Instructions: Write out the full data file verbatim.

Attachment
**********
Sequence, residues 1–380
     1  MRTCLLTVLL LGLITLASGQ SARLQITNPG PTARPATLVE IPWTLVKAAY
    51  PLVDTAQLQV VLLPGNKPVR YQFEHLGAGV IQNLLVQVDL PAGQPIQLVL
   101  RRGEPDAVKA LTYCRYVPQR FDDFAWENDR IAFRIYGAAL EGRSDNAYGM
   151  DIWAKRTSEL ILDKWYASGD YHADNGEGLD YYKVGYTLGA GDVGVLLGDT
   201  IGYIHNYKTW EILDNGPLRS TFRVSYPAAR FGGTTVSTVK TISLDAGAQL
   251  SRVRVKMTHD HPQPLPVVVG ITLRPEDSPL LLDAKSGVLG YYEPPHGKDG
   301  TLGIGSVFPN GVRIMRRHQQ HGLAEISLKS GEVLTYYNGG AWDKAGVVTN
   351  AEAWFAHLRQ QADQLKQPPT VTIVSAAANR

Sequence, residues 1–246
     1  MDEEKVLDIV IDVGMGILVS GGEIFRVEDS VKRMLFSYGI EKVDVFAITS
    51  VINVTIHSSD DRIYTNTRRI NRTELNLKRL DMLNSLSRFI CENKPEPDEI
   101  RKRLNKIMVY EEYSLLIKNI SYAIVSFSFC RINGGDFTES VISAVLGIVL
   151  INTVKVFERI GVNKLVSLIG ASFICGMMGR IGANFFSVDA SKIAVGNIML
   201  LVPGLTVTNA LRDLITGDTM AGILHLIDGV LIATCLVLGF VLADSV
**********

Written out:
Sequence, residues 1–380
     1  MRTCLLTVLL LGLITLASGQ SARLQITNPG PTARPATLVE IPWTLVKAAY
    51  PLVDTAQLQV VLLPGNKPVR YQFEHLGAGV IQNLLVQVDL PAGQPIQLVL
   101  RRGEPDAVKA LTYCRYVPQR FDDFAWENDR IAFRIYGAAL EGRSDNAYGM
   151  DIWAKRTSEL ILDKWYASGD YHADNGEGLD YYKVGYTLGA GDVGVLLGDT
   201  IGYIHNYKTW EILDNGPLRS TFRVSYPAAR FGGTTVSTVK TISLDAGAQL
   251  SRVRVKMTHD HPQPLPVVVG ITLRPEDSPL LLDAKSGVLG YYEPPHGKDG
   301  TLGIGSVFPN GVRIMRRHQQ HGLAEISLKS GEVLTYYNGG AWDKAGVVTN
   351  AEAWFAHLRQ QADQLKQPPT VTIVSAAANR

Sequence, residues 1–246
     1  MDEEKVLDIV IDVGMGILVS GGEIFRVEDS VKRMLFSYGI EKVDVFAITS
    51  VINVTIHSSD DRIYTNTRRI NRTELNLKRL DMLNSLSRFI CENKPEPDEI
   101  RKRLNKIMVY EEYSLLIKNI SYAIVSFSFC RINGGDFTES VISAVLGIVL
   151  INTVKVFERI GVNKLVSLIG ASFICGMMGR IGANFFSVDA SKIAVGNIML
   201  LVPGLTVTNA LRDLITGDTM AGILHLIDGV LIATCLVLGF VLADSV